Titans of the TGA was the idea of author Chris Dortch, who spent the last six months conducting hours of research, interviewing hundreds of people, and ultimately writing a 75,000-word masterpiece that tells the story of these fifty people who made a significant impact on amateur golf in our state.

“Thanks to the path Gene Pearce blazed so well with his book, The History of Tennessee Golf, I’ve been able to go on my own journey of exploration through the state’s rich golfing history,” Dortch said.“My focus has been on the TGA, in order to help golfers around the state celebrate the 100th anniversary of its creation. But most particularly, I have concentrated on the many people who helped create the TGA, keep it alive during some lean times, and help it grow into the juggernaut we know today. The stories of these pioneers, caretakers and visionaries are diverse and compelling, and I’m proud to not only tell them in Titans of the TGA, but help preserve them for generations of Tennessee golfers to come.”

Titans of the TGA is now available for sale through the TGA for $49.00 plus tax. Anyone interested in the book can download a sample story on Tennessee’s greatest golfer, Dr. Cary Middlecoff, and purchase copies at www.titansofthetga.com. Proceeds from the sales of this commemorative book will go back to the TGA and help ensure that the game of golf in Tennessee remains healthy for future generations.

The book will also be on sale during a special centennial dinner at Chattanooga Golf and Country Club on March 29. Tickets are available by contacting Golf House Tennessee at 615-790-7600.

About Tennessee Golf Association

In 1914, the Tennessee Golf Association (TGA) was organized at Memphis Country Club as an association of private clubs. The objective of the Association, as stated in its Constitution, “shall be to promote the game of golf in Tennessee.” From these small origins, the TGA has become an association which now includes over 200 member clubs, courses and organizations, comprised of over 32,000 individuals from across the state. For more information on the TGA, visit us online at tngolf.org.

#####

To All Area Golfers, Especially Tournament Players

The First Tee of Chattanooga would like to give all area golfers a unique opportunity to say “thank you” to the PGA professional or pro shop staff that serves you on a daily basis.

During “Dinner with Dottie” on Friday, October 18 at CGCC we will be announcing a pro shop staff to be treated to dinner provided by Ruth’s Chris Steak House in Chattanooga.  Which staff is announced as the winner is up to you!

If you would like to say “thank you” and help your staff win a grand prize of an evening provided by Ruth’s Chris Steak House, click this link to make a $25 donation to The First Tee of Chattanooga in honor of your club staff. There is a place to write a personal thank you note, and the notes will be passed along to the appropriate folks.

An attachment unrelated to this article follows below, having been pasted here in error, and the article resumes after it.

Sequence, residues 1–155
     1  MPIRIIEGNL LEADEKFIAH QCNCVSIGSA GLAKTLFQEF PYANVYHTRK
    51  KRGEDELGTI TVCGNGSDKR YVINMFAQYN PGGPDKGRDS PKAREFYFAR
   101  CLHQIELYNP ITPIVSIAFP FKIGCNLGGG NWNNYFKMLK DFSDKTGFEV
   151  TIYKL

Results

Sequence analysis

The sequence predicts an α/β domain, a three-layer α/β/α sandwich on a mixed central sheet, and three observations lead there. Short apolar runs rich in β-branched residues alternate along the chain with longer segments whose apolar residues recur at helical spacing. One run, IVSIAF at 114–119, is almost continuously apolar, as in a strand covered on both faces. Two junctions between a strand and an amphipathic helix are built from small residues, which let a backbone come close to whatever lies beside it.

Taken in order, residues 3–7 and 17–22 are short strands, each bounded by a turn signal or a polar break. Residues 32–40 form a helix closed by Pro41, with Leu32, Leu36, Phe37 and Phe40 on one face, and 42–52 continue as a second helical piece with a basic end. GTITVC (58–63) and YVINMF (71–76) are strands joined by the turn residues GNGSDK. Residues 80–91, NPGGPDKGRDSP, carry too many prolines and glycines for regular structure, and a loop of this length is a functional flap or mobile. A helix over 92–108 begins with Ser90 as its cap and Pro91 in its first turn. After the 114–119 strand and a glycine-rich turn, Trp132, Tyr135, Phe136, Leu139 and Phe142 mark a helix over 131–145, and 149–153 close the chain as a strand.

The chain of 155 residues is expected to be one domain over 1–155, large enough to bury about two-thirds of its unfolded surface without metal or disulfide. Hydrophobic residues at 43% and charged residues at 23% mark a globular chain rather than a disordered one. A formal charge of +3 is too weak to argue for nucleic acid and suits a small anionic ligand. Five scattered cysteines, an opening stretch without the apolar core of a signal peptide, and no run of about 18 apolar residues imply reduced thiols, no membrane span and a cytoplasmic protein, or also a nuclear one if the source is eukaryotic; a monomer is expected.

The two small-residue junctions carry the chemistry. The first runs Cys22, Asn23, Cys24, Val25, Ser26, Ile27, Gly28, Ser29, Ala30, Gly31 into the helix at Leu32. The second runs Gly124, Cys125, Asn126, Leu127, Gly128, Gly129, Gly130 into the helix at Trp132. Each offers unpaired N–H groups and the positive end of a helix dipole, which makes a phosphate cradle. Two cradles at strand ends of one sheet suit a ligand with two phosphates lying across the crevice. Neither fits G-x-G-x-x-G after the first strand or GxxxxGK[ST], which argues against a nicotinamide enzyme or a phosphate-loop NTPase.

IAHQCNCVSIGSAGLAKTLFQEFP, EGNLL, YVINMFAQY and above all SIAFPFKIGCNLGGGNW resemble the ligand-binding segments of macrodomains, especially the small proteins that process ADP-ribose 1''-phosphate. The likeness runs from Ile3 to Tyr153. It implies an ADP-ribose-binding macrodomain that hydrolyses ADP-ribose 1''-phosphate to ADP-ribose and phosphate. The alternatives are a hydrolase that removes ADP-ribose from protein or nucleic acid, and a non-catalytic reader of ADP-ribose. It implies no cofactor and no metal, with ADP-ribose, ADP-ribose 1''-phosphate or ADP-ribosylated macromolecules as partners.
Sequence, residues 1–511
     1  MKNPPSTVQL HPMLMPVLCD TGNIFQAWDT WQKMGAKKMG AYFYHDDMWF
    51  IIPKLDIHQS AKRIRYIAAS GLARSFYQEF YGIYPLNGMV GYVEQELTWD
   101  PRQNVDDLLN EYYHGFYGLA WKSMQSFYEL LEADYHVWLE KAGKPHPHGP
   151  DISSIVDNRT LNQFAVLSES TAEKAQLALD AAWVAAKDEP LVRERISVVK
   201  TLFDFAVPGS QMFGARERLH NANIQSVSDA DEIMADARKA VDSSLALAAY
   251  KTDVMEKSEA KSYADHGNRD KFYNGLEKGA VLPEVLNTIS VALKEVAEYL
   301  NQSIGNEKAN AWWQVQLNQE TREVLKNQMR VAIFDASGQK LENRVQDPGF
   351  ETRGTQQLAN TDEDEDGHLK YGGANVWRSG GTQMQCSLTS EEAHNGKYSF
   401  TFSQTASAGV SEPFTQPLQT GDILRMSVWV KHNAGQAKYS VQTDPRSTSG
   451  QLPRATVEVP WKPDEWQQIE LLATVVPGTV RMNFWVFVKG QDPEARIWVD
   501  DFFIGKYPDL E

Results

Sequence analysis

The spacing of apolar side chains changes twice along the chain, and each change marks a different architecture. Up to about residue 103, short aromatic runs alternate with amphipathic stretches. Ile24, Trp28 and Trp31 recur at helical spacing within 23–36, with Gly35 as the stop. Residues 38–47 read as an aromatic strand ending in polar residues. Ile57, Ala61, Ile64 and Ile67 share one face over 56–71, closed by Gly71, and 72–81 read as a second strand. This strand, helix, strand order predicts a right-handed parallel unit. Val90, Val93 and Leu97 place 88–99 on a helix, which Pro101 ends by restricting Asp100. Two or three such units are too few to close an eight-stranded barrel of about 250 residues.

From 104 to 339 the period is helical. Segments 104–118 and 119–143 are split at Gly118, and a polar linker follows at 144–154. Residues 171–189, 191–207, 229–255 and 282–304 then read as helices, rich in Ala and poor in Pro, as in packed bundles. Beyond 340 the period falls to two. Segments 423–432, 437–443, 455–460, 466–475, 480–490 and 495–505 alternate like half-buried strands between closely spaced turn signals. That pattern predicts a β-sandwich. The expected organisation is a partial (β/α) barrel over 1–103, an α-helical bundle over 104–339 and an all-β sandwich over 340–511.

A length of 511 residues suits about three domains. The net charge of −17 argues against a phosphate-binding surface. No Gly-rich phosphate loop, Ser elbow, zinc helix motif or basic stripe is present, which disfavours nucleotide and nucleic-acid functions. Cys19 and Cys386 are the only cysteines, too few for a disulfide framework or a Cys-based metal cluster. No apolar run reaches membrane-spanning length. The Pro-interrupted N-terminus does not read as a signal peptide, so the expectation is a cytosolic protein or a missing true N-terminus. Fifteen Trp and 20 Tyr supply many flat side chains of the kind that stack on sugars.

The staff that receives the most $25 donations in their honor will be treated to dinner at Ruth’s Chris Steak House at Hamilton Place. 

2013-0703-rcsh-chat-r02

This is a great opportunity to say “thank you” to the staff that serves you, or to say thank you to one of the many staffs that serves us tournament players throughout each year by hosting our annual events such as the Signal Mountain Invitational, Brainerd Invitational, Ira Templeton Chattanooga, Open, Chattanooga Men’s Metro, Cleveland Invitational, and the season-ending Chattanooga TPC at Council Fire.  Any one of these staffs is well deserving of the recognition.

Pick your favorite event of the year and say “Thanks!”  Because of the great sponsorship provided by Ruth’s Chris Steak House all proceeds benefit The First Tee of Chattanooga.

Mike Jenkins Chairman, The First Tee of Chattanooga Board of Directors

P.S.  If you prefer to send a check send $25 payable to The First Tee of Chattanooga, 2453 Hickory Valley Road, Chattanooga, TN  37421 with a note indicating which professional/staff you would like to recognize.

Matt Crowder Defeats Brandon Cissom 1-up to Win Chattanooga TPC

Matt Crowder Defeats Brandon Cissom 1-up to Win Chattanooga TPC

by

Chris Dortch, Contributing Editor, www.ifyoulikegolf.com

ChrisDortch

Matt Crowder can’t remember the exact date, only that it was five or six years ago. But he remembers the score he shot the last time he played Council Fire. The occasion was a Tennessee Open qualifier. His score: A fat 96.

As disappointing as that was, it led directly to his accomplishment the next time Crowder played Council Fire. Making 90 feet of putts on the final three holes, Crowder, who couldn’t break 80 in high school and gave up the game to play college baseball for two years, defeated Brandon Cissom, 1-up, in the finals of the Chattanooga TPC on Sunday.

On paper, this would appear to be an upset of major proportions. Cissom is a former Lee University golfer who has won several times on the Chattanooga area amateur circuit, including the 2011 TPC. But a closer look reveals that Crowder had a pretty good 2013 season, and that his game is perfect for match play.

Crowder earned his spot in the TPC with a 15th-place finish in the Cleveland Invitational, a 17th in the NGI and a 24th-place finish in the Tennessee Mid-Amateur, which in turn exempted him to the 2014 Mid-Amateur, which will be played in the TGA’s 100th anniversary year at The Honors.

“That was my goal,” Crowder said.

In his wildest dreams, Crowder, who has taken only one formal lesson in his life, might not have imagined he could win the TPC. Then again, his game is all about match play. He’s not a confident driver of the ball, but he can roll it. Cissom can attest to that.

Cissom held a 1-up lead heading in the par-4 15th hole, but when he couldn’t get up and down from in front of the green and Crowder saved par from out of the greenside bunker with a 15-foot putt, the match was all square.

On 16, another par-4, Cissom hit his approach to 20 feet. Crowder missed the green left and pitch to about 10 feet behind the hole. Cissom was impressed after Crowder rolled in his par putt, a speedy downhill white knuckler.

“Brandon told me I hit that putt so easy he could see the Titleist every time the ball turned over,” Crowder said. “That was one of those putts that you have to make, because if you miss, it’s gone.”